Recollections of a Tundra Dancer

Have you ever wondered what Alaska is like?

When I was a teenager and Dad was talking about transferring to Alaska I thought it was one endless snowfield dotted with igloos and infested with swarms of mosquitos the size of small dogs.

Imagine my surprise, years later, to find myself living there. No endless snowfield. No igloos, unless you count the Igloo City near Cantrell that never quite got finished. Still for sale, if you’re interested in buying it. In fact, here’s a link to it for any potential motel buyers. 200 miles from anywhere, but it has a great location on the Parks Highway.

There are swarms of mosquitos that will surround you and carry you back to the mother nest where they will suck you dry, even if you’re doused in bug dope. I remember being on the job and meeting up with a state trooper by Paxon Lake off Richardson Highway. No such thing as cell phones then and I didn’t have a police radio in my car.

We made the mistake of getting out during prime Tin Cup and White Socks Mosquito weather. It took seconds for the mosquitoes to home in and we were waving our hands, swatting, and spitting out bugs. It took about a minute for both of us to dive back inside our cars. I felt like one solid welt, and I bet she did too. If you’re visiting, try before midsummer and after August when the slavering hoards are reduced. Seriously. They are more than just an annoyance. Don’t believe me? Here: Look.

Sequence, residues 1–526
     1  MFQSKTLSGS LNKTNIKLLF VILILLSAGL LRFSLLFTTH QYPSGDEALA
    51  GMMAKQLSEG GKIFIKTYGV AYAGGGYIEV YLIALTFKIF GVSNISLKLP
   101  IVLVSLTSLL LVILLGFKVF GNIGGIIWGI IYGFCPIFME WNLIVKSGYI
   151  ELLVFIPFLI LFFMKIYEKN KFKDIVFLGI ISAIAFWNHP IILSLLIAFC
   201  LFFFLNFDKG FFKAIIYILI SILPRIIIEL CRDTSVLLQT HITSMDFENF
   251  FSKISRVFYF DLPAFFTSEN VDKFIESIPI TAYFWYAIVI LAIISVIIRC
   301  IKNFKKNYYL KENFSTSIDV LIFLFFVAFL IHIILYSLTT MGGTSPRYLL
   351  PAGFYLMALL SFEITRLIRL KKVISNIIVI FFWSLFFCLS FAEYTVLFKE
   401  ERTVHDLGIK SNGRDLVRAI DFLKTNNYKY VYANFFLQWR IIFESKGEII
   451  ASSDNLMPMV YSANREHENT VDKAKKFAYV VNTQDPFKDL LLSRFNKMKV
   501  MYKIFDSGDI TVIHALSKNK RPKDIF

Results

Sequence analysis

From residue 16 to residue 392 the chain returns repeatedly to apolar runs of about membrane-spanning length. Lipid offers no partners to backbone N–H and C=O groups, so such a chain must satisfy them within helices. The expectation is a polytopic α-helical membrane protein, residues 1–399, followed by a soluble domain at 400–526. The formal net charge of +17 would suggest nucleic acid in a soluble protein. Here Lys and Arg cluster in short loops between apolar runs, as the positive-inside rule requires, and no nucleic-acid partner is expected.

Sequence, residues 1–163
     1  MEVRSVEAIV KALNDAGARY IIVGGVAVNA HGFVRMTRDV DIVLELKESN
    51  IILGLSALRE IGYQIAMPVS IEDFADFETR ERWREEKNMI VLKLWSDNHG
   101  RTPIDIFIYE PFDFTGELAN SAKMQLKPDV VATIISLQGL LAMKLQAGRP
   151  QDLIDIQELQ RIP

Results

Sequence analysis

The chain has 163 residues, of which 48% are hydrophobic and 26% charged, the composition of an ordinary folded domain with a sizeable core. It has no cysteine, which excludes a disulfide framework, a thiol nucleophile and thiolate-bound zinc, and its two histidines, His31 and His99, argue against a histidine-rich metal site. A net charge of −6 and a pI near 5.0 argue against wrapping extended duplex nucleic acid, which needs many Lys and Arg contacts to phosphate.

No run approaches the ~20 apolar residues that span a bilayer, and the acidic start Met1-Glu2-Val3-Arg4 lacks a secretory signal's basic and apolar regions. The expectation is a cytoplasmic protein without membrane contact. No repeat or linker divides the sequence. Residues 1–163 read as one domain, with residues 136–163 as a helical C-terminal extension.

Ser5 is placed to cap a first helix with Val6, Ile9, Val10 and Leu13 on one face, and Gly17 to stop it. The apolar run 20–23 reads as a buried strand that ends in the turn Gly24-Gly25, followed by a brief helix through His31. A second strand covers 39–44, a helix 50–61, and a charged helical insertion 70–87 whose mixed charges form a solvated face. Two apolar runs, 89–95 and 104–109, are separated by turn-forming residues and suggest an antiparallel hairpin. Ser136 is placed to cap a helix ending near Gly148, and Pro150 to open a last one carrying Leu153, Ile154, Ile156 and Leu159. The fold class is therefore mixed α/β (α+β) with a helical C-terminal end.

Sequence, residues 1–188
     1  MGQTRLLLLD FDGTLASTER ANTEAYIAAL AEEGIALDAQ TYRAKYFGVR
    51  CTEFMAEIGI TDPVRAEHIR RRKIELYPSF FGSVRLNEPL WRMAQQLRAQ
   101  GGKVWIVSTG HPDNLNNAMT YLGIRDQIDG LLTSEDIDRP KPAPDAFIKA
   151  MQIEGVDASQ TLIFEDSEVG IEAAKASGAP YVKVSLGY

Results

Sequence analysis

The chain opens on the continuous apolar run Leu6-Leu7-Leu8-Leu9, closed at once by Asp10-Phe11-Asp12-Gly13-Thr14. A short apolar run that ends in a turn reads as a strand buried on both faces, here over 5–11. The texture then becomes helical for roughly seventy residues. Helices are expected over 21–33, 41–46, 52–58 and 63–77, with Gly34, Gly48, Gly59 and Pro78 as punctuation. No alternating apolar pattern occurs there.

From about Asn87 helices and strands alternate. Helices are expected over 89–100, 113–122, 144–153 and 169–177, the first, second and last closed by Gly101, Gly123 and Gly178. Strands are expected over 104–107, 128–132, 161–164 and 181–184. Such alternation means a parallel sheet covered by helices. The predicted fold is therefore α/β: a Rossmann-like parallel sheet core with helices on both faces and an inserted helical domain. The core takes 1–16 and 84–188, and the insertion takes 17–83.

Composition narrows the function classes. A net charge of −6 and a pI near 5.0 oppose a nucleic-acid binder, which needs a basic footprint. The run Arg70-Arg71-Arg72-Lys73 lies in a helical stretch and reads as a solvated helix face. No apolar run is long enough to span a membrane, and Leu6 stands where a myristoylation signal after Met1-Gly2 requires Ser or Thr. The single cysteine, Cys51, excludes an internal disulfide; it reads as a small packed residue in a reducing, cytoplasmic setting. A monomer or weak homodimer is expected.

2 thoughts on “Recollections of a Tundra Dancer

  1. Thanks for the smile in reliving my time in Alaska with your reference to the mosquitoes. I lived in a fairly remote cabin near Livengood and when I ventured to my nearest neighbors home I never went without donning my head-net and DEET. Though as you know Alaskan mosquitoes have a higher education and just simply waited until I lifted the net to blow my nose or light a cigarette to attack.


    1. Hola Pete,

      Livengood is prime mosquito territory. 🙂

      My Dad helped map Alaska during the 1930’s using a barrel sled during the winter, on old cars where the could use them, and on foot during the summer. He told a ton of stories about needing to be covered head to toe plus his head-net. They didn’t have DEET back then so I can only imagine the size of the welts those guys!

      – MJ


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